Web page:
"I believe," he said as he handed her a cup of freshly poured tea, "that you and I have more in common than we might have realized, Miss Tohru Honda. We each lost a beloved parent at a young age, thereby irrevocably altering the course of our lives. For you it meant being raised in a home that was likely twice as loving as it would've been otherwise. But Akira's death… well, I think it's safe to say it brought out the absolute worst in Ren."
Tohru set her cup down on the table, for it was still far too hot to drink. "Akito," she persisted, "when did you last see her?"
He didn't say anything for a while, his gaze focused fixedly on the table, though just when Tohru thought he would dig his heels in further, he sighed, his shoulders slumping. "Just yesterday."
At her sharp intake of breath, he said, "It's all right. It doesn't matter. She doesn't matter. She is not one of my zodiac-" He stopped there, a panicked look contorting his face. "That…" He stammered. "That isn't to mean, of course, that I find all non-zodiac members to be inconsequential."
By then Tohru had picked up her tea again, but hearing that was almost enough to make her lose her grip on it.
A month ago, Akito never would've bothered amending his speech in order to avoid insulting her. If anything, he would've wanted to make certain she knew his words had been intended as a slight. Now he liked her at least well enough to speak respectfully to her. It seemed an extremely low bar to set, but Tohru still celebrated the victory. In recent days she'd begun to doubt her mother's assertion that there was good in everyone, with Akito being a prime example of the exception. But not anymore.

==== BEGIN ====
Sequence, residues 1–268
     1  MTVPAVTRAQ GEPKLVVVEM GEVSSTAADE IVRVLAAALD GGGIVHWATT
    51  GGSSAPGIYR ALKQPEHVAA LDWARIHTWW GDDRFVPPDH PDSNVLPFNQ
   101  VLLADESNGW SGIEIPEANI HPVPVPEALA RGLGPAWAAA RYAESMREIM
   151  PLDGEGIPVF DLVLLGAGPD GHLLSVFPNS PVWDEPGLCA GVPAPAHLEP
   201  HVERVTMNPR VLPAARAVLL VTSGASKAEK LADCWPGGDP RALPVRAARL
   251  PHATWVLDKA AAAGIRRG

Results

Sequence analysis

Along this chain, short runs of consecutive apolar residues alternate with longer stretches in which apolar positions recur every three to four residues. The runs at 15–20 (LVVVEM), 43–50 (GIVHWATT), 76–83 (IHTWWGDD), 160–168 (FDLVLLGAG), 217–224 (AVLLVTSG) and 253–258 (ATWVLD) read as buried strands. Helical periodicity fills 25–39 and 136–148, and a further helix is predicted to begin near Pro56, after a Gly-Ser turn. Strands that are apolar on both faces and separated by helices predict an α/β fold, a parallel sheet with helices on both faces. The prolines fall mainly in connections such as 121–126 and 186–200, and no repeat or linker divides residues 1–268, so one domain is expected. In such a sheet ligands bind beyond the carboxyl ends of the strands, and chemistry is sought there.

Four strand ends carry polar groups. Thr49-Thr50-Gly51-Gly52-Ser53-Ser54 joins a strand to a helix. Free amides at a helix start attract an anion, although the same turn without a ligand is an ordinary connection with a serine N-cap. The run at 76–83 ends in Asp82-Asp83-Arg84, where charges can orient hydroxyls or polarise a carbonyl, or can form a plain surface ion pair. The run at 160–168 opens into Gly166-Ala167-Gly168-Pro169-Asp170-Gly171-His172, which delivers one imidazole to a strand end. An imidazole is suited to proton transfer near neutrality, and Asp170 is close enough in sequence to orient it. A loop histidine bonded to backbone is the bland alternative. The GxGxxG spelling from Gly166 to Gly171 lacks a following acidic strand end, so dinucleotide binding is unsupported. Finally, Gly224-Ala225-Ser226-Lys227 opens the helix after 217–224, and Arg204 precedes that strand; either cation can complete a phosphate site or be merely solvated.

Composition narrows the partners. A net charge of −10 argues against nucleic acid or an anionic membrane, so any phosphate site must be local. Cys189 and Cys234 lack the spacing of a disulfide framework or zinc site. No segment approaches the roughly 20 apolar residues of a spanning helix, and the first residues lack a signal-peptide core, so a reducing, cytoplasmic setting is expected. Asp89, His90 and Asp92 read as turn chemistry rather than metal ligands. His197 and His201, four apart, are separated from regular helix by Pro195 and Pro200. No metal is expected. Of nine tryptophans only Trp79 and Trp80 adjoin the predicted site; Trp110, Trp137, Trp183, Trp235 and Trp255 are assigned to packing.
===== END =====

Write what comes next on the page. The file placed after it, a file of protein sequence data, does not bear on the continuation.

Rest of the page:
There was good in him, so much that she felt silly for thinking for even a moment that that might not be the case. And the more she got to know him, the more of that good she saw. She would even go as far as to say that they were friends. Which was why it pained her to see him looking so distressed. Though, apparently, he didn't yet trust her enough to divulge the reasons why.
"Are you all right?" she asked after some consideration. "I know you said you're feeling better, and I'm glad for it. Still…it seems like something's bothering you." She waited a beat before adding in an undertone, "It couldn't have been easy, facing her yesterday."
"No." Akito acknowledged the truth of her statement. "It was not."
By then the tea had cooled enough to drink, and a heavy silence stretched between them as Tohru took tiny sips from her cup. "How...how did it go, then? Your visit with her, I mean."
The zodiac god frowned, clearly not enjoying having to replay the conversation in his mind. "About as well as can be expected. I was certain she'd come to gloat—which, make no mistake, she did her fair share of that. In the end, though, what she really wanted was to know more about you."